From LP blog:
From Doug Burlison, Libertarian city councilmember in Springfield, Missouri:
On September 8, at my urging, our City Council (of which I am a member) repealed a local ordinance that prohibited homosexuals from “soliciting” each other. In other words, it was O.K. to put the “heterosexual moves” on a member of the opposite sex, but if you’re gay, any talk about sex could’ve invited punitive measures…until now.
The measure was added to some other items which were repealed as a package, it was basically a legal “housekeeping” ordinance. It was a unanimous vote by all councilmembers in attendance.
Afterwards, it seemed to be a rather subdued reaction. This issue was not of the highest profile, whereas we are intently working on solving the underfunded status of our Police and Fire Pension System. Building up to the vote, however, we received quite a few e-mail messages pro and con. The quantity of the “pro” messages exceeded both the quantity and the civility levels of the “con” messages, which included threats of lawsuits and future electoral failure. Speaking for myself only, I can tell you when someone issues a threat to me, I will not respond the way that they desire. I did receive a few congratulatory e-mails and expressions of gratitude, which helps to defray the numerous complaints that you hear in a job like this (which is an unpaid, volunteer position, by the way).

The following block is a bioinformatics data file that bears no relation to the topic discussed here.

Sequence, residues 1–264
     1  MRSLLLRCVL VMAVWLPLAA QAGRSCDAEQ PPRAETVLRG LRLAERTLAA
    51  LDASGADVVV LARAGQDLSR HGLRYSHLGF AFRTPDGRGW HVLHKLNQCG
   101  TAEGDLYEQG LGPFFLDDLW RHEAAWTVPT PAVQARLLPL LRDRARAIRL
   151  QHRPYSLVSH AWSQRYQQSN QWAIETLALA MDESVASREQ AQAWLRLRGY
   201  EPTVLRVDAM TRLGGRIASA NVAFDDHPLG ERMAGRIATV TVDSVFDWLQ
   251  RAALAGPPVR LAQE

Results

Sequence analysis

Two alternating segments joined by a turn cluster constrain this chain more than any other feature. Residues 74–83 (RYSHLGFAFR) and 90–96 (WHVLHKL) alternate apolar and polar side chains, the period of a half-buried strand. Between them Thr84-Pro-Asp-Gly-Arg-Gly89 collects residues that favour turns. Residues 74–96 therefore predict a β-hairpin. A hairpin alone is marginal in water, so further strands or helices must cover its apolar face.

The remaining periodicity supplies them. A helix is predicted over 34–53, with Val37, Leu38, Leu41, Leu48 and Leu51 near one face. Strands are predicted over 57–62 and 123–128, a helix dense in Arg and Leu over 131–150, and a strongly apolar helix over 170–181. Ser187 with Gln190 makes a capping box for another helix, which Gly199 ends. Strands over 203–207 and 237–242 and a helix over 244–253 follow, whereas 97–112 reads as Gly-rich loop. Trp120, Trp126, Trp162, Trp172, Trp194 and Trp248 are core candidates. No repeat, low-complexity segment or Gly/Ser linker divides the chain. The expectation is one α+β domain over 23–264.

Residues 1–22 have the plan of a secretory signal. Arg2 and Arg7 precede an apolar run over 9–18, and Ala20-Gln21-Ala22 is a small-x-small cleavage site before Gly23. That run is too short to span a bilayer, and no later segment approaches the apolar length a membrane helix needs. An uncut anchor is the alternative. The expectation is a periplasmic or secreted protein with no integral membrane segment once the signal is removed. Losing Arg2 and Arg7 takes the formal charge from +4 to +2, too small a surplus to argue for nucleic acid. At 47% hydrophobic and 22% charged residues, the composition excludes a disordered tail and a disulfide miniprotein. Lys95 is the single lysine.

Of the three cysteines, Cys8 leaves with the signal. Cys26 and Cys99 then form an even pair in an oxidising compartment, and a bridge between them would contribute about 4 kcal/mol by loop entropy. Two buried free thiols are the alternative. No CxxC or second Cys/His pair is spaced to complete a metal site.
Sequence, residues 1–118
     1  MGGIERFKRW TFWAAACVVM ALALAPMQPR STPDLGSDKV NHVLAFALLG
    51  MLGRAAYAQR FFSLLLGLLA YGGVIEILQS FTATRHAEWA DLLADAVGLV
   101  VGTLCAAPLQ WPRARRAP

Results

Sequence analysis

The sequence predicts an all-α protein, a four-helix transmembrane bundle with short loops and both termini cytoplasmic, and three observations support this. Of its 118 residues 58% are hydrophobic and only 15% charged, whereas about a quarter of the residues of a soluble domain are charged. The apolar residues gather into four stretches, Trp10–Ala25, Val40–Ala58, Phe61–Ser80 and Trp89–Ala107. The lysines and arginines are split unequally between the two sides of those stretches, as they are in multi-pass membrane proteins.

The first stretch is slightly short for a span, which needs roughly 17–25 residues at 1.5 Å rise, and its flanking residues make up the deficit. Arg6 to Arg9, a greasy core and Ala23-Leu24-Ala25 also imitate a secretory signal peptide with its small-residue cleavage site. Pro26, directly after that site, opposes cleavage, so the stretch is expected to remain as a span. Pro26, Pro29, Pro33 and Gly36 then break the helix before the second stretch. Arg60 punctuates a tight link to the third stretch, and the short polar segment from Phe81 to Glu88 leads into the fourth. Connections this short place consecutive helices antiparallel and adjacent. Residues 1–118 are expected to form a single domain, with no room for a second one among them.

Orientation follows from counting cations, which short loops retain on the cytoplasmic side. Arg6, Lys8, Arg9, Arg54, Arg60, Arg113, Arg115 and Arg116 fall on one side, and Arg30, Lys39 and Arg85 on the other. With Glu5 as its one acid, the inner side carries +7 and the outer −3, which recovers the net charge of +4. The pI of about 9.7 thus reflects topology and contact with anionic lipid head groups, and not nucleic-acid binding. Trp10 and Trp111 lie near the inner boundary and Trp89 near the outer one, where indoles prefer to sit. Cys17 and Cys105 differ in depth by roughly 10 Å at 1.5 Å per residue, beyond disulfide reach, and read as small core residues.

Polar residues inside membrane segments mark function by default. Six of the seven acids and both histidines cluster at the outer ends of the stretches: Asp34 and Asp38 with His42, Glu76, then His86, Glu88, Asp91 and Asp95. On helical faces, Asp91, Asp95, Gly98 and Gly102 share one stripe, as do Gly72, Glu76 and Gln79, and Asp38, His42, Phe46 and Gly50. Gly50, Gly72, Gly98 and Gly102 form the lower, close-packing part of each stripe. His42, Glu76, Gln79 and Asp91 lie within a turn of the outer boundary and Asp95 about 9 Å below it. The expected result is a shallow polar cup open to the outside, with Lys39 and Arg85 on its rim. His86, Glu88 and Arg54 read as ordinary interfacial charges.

This would not have been addressed if I had not initially pushed the issue. My awareness of this ordinance came about at a local Pridefest earlier this year, when I accompanied local Libertarians who manned a booth at the event. Across the street, several neo-nazis and white supremacists were protesting the event, with some signage that recommended death and hell for gays. At one point, a local pastor, Dr. Roger Ray, took the stage and made a speech which highlighted and condemned the homosexual solicitation ordinance that we still had in our city code. To hear a man of the cloth reading a portion of our city law that targeted a specific population, and that the exact language of the law was very pornographic in tone, coupled with the sounds of fascist protests in the background; I knew what needed to be done. Dr. Ray even handed me his copy of the ordinance so that I could reference it. This was a great opportunity for me, in that a large part of my motivation for getting into politics was and is to fight against oppression wherever it raises its ugly head. My libertarian background also equipped me for this particular fight as well. In the end, I also had the support of my colleagues on the council, as was evidenced by the final vote. Sometimes, things do work out all right.